Fellows notified Muhammad that she had failed to redact his new home address before sharing his grievance documentation with Achlioptas. This was the second time the university breached Muhammad’s confidentiality and shared personal information with Achlioptas.
“Title IX made a similar mistake when it alerted Achlioptas of my complaint, and it feels like UCSC’s mistakes keep putting me at risk,” Muhammad said in his response to Fellows.
Responses to the Process
UCSC only agreed to begin a third-party investigation once Bennett came forward, Muhammad said. There are now two open investigations into Achlioptas — one Muhammad filed under the faculty discipline process and one Bennett filed under Title IX.
“When I was in this mess with Dimitris, I thought I was alone,” Muhammad said. “And then [Bennett] came forward, and then I said, ‘Oh, it wasn’t just me.’ One thing I’ve learned is Dimitris was awful to a lot of people. And UCSC, by saying ‘be silent,’ has tried to prevent people from knowing what happened to prevent them from coming forward.”
Title IX Office determined that none of Muhammad’s allegations constitute a violation of the SVSH policy. The university hasn’t disclosed much more than that to Muhammad, he said. After Muhammad filed his complaint in September, UCSC took almost seven months to initiate interviews with Bennett and Muhammad.
As it stands now, both Bennett and Muhammad feel the university has left them in the dark.
“The process is poorly designed,” Bennett said. “But more than that, I don’t think there is a person on this campus who feels that it is their responsibility to deal with people like me and people like [Muhammad].”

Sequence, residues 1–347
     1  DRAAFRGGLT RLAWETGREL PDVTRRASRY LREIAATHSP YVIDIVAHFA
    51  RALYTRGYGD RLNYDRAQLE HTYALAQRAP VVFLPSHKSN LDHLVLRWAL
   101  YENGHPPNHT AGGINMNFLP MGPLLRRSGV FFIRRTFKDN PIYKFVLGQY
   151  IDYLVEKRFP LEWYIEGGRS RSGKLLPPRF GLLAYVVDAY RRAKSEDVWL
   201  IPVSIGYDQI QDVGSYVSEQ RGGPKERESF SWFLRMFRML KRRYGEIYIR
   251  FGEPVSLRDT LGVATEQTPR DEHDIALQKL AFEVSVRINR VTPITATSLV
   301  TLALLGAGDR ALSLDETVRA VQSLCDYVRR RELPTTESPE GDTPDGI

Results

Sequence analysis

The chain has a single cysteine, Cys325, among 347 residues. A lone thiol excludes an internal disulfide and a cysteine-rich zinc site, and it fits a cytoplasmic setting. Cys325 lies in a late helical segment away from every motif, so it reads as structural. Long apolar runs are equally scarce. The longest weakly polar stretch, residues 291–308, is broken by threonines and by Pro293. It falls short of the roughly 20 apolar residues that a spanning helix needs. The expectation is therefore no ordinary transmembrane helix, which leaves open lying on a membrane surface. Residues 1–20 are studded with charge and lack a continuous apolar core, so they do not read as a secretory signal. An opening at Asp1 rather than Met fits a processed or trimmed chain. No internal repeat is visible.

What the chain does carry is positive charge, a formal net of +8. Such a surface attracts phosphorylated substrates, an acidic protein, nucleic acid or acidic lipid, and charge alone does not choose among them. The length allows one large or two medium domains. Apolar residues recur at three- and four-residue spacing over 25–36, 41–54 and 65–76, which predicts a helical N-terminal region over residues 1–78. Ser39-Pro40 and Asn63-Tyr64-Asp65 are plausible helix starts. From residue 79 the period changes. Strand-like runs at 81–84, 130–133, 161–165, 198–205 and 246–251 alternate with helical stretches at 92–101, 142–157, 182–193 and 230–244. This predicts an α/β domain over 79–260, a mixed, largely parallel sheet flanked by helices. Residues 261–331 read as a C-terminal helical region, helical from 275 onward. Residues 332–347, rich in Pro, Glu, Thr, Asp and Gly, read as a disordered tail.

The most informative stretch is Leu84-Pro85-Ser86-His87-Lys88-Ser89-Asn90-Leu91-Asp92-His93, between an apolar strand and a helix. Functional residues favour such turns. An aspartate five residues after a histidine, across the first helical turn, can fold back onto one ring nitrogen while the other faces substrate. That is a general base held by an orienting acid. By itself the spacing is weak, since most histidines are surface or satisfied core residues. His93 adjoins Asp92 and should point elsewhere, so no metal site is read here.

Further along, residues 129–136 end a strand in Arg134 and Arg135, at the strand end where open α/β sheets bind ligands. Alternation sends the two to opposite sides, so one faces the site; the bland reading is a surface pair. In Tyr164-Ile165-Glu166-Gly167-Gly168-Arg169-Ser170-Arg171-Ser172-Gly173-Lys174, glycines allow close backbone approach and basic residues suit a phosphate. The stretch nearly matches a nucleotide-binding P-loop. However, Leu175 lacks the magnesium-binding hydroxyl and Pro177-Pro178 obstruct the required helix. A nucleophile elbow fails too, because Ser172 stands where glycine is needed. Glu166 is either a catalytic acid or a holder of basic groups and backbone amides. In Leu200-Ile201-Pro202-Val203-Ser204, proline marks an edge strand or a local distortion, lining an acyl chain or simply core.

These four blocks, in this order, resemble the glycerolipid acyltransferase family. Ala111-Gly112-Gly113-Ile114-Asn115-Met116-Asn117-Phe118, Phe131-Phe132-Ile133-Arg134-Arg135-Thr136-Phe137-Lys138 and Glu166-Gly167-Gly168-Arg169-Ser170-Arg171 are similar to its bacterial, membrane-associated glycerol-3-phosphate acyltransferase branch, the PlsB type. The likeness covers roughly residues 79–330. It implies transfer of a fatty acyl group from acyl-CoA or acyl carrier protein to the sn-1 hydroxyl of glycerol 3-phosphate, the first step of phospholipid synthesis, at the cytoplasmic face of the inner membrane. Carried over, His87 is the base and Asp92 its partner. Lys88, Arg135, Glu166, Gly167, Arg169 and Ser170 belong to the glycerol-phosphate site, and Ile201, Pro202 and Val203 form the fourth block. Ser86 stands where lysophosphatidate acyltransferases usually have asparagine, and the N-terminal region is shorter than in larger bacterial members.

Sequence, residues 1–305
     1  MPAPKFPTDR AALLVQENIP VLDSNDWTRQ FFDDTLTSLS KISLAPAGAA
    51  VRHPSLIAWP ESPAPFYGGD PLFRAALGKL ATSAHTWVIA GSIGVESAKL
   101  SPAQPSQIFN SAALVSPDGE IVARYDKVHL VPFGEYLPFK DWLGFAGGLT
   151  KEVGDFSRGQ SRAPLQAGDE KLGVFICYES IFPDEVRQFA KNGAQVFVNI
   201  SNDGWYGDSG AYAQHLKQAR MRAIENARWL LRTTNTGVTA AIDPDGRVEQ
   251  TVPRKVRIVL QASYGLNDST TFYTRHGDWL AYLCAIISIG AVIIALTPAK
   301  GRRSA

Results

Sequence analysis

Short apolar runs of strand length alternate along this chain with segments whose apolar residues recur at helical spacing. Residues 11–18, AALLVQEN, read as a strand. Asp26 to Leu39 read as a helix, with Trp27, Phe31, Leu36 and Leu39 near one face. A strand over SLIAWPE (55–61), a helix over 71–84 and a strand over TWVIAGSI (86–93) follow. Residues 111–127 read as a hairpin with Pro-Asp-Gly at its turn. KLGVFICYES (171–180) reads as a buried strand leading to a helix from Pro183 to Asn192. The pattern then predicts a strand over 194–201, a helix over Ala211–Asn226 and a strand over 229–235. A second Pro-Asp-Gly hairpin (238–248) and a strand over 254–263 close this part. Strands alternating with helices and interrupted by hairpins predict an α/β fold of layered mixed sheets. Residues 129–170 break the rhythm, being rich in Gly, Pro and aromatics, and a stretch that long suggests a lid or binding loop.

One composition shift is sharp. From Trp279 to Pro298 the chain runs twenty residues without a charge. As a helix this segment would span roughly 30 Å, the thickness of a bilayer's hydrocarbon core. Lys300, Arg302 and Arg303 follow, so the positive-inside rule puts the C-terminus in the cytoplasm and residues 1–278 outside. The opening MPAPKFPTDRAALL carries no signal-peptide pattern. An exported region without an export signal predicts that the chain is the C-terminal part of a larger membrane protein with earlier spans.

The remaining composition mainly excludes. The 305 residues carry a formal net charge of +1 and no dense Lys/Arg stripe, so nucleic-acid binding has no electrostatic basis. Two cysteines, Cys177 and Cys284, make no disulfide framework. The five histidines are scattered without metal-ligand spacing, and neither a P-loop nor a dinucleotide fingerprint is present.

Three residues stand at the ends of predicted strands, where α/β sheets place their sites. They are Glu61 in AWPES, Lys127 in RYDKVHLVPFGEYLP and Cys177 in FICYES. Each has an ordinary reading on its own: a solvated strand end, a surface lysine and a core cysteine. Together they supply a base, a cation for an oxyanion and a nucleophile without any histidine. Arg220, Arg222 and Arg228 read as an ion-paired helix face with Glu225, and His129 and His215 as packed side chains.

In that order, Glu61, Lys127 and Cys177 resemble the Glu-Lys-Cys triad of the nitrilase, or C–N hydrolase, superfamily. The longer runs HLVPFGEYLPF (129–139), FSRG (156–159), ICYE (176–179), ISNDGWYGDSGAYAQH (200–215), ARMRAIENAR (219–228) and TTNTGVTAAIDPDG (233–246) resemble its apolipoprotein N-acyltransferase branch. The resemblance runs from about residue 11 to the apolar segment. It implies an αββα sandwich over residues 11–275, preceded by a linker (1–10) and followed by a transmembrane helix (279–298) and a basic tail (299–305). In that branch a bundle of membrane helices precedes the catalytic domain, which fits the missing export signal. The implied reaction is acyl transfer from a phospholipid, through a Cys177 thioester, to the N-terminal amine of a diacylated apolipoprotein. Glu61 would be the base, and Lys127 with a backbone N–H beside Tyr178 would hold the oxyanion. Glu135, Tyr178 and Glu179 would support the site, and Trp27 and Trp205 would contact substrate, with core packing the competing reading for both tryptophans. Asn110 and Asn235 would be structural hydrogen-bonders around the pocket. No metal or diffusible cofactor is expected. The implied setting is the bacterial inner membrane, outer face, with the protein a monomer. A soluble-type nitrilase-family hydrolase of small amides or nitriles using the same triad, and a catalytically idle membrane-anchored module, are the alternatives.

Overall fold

Achlioptas is participating in the investigations while on paid leave from UCSC. His lawyer, Michael J. DeNiro, a professor emeritus in the UC system, provided comment on behalf of Achlioptas.
“The complaints filed against my client by students at UCSC were assigned for investigation to separate offices at UCSC as alleged violations of Title IX and alleged violations of the Faculty Code of Conduct. Prof. Achlioptas is participating in the investigations. My client has confidence in the integrity of due process at UCSC, and is confident that he will be exonerated when the investigations end,” DeNiro said in an email that contained a longer statement.
Achlioptas was not available for comment, but he released a statement on his personal web page on May 31, 2019 in response to an article the Mercury News ran the previous day. In his statement, Achlioptas said he is not “anti-Muslim,” stating that both his young children attend daycares run by Muslim and Pakistani women.
Achlioptas referenced both complainants in his statement.
“Several of the allegations by Student1 concern events that occurred in May 2018, during the celebration of our son’s second birthday party,” Achlioptas said in the statement. “Student1 was invited, along with his wife, and approximately 70 other guests. One more UCSC student was invited (not mentioned in the [Mercury News] article). Student1, his wife, and the other UCSC student were the first people to arrive at approximately 2pm. They were also the last people to leave, well past midnight.”
In his statement, Achlioptas said 15 students from the most recent class he taught at UCSC nominated him for an excellence in teaching award, and that, to his understanding, this was the most nominations received among all professors teaching large classes at UCSC that year.
Muhammad said UCSC’s handling of his and Bennett’s cases is indicative of a larger, systematic issue. The UC cares more about protecting faculty than protecting students, he said.
“People like Dimitris exist because faculty, staff and administration enable them,” Muhammad said. “And until faculty, staff and administration value doing the right thing over allowing predators to prey on students there will be more [Alexs] and there will be more [Skylers.] And that is the only reason I’m doing this — because I don’t want any more [Alexs] and I don’t want any more [Skylers].”
Nikolaos Sgourakis, an assistant professor in UCSC’s chemistry and biochemistry department, worked closely with Achlioptas. Sgourakis witnessed Achlioptas call Muhammad a terrorist, according to allegation 22 in Muhammad’s complaint.